Facebook Inc. removed a network of more than 500 Instagram accounts that originated in Russia and targeted audiences in support of anti-corruption activist Alexey Navalny, according to a new report from the social media company.
The campaign relied on fake accounts to post critical or irrelevant content with hashtags associated with protests in January that backed the imprisoned opposition leader, a phenomenon known as hashtag poisoning, said Nathaniel Gleicher, Facebook’s head of cybersecurity policy. The process involves posting irrelevant or critical content to drown out relevant information and redirect the conversation. In some cases, fake users posted memes suggesting protesters got Covid-19.
Facebook’s automatic systems often detected and removed the fake accounts, prompting the bad actors to create new ones, so there were never 500 accounts in operation at the same time, Gleicher said.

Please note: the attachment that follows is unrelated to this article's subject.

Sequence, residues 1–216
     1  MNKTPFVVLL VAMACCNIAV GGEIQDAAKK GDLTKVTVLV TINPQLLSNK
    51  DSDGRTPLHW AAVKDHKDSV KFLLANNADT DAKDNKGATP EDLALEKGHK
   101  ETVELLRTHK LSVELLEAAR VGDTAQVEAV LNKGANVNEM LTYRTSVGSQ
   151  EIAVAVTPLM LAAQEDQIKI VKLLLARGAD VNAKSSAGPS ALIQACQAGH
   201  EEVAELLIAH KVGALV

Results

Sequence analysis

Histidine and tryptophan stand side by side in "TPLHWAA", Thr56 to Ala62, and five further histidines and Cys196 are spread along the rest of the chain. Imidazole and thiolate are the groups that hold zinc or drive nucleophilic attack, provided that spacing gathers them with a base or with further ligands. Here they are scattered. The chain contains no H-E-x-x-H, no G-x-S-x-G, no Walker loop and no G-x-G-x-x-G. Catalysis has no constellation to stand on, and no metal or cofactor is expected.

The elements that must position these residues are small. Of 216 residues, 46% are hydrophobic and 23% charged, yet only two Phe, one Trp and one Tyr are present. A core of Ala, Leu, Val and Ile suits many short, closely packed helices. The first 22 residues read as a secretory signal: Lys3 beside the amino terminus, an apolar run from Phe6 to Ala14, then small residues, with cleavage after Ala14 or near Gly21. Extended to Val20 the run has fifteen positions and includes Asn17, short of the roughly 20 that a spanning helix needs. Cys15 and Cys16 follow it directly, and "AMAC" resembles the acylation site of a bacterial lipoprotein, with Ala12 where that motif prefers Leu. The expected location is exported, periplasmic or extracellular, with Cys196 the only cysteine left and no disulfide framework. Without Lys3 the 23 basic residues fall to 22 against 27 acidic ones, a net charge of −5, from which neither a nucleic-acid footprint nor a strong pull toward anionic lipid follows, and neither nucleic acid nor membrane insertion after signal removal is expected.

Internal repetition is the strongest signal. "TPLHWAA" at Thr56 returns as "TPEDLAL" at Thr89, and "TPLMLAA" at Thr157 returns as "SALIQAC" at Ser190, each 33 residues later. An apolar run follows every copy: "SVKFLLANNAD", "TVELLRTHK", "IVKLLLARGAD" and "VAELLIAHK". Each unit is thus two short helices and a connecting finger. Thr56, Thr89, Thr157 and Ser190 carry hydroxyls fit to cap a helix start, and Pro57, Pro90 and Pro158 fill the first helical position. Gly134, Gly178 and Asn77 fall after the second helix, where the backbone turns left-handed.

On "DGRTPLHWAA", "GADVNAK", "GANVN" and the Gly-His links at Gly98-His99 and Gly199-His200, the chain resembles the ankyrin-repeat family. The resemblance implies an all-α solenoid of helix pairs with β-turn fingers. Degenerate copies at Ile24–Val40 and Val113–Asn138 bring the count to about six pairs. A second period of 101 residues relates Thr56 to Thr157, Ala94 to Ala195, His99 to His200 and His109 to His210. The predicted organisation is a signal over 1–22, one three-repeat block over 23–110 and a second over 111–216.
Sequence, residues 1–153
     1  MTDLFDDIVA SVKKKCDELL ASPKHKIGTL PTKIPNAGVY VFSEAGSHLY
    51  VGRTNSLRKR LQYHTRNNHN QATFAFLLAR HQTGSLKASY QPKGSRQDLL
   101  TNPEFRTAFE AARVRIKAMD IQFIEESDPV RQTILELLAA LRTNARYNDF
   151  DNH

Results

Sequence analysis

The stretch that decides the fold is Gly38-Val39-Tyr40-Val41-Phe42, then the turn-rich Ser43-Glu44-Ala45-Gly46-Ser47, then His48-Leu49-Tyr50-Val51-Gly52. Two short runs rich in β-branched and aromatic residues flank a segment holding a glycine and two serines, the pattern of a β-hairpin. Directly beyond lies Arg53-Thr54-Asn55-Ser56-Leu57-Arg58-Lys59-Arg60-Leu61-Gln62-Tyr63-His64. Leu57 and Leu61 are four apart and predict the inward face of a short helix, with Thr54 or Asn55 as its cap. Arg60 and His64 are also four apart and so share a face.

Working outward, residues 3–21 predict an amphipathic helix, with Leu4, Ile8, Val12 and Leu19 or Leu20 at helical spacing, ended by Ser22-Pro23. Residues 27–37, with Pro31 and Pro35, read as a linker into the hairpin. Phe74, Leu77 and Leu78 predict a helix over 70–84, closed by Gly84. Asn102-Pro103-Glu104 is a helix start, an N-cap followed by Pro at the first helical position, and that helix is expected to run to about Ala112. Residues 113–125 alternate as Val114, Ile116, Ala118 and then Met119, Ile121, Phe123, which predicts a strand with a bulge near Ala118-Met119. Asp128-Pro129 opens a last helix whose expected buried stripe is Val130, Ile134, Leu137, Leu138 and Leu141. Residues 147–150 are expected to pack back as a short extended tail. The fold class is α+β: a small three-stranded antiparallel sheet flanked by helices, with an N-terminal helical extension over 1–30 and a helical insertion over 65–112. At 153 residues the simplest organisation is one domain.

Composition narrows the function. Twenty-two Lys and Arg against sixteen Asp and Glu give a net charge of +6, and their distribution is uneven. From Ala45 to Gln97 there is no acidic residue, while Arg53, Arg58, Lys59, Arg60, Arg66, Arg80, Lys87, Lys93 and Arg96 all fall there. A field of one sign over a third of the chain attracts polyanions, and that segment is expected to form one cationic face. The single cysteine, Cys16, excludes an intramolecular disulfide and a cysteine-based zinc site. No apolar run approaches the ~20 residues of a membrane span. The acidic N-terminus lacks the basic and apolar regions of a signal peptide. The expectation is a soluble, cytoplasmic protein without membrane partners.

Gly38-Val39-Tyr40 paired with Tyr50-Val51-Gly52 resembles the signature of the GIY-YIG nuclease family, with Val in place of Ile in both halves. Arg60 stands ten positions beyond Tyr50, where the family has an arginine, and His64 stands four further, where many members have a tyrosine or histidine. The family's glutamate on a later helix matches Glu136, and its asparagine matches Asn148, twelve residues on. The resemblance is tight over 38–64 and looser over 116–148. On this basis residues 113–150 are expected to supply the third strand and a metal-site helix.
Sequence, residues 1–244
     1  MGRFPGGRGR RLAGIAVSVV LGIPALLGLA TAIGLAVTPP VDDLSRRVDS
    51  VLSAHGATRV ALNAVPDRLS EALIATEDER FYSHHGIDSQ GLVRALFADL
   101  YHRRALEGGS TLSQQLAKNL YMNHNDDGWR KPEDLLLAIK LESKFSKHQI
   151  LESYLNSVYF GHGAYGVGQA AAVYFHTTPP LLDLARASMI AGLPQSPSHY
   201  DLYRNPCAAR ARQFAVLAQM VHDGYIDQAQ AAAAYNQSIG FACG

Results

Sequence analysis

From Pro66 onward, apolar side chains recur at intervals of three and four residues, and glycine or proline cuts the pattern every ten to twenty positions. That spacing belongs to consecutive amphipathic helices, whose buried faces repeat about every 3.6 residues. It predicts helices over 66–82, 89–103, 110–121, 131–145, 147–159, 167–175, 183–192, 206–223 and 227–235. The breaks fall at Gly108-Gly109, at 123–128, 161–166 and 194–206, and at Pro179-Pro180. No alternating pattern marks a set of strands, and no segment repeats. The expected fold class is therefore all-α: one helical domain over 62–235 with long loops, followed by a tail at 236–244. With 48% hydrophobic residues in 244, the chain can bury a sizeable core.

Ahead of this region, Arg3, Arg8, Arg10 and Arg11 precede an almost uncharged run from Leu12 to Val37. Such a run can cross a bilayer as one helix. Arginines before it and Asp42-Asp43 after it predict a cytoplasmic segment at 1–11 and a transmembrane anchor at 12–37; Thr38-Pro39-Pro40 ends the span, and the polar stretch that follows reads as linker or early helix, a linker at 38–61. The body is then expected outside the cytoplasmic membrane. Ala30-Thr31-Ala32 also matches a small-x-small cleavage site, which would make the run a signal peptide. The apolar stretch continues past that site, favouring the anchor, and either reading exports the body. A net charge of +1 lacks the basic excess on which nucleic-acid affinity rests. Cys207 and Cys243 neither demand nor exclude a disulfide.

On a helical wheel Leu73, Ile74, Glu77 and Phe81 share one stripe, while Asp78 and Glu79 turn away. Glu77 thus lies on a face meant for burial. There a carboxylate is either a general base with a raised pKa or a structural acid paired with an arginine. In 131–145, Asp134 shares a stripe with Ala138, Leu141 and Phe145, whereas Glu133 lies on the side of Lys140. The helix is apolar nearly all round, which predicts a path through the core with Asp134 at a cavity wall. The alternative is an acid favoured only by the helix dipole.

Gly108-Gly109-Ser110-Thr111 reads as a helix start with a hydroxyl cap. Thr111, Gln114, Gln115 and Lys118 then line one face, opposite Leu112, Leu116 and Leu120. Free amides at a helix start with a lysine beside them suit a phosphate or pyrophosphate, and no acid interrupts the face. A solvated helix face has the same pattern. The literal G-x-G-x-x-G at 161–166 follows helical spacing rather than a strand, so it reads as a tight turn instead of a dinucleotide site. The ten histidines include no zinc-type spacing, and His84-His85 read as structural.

The social media campaign targeted domestic audiences throughout demonstrations attended by tens of thousands of protesters in dozens of cities over the weekends of Jan. 23 and 31. The protests provoked a violent response from authorities, who accuse Navalny of working with foreign governments to try to destabilize the regime.
A video on my YouTube channel showing a violent protester of North Caucasus origin fighting the police was removed on grounds that violence is not allowed on the website. However, my channel contains other videos that could be interpreted as violent, why was this chosen? Maybe because it was posted shortly after the protests and would conflict with the Western media narrative of the protesters being “mostly peaceful.” My Twitter account was suspended because I criticized Navalny. And this leads me to believe that there was a command from somewhere to censor any critical content related to Alexey Navalny.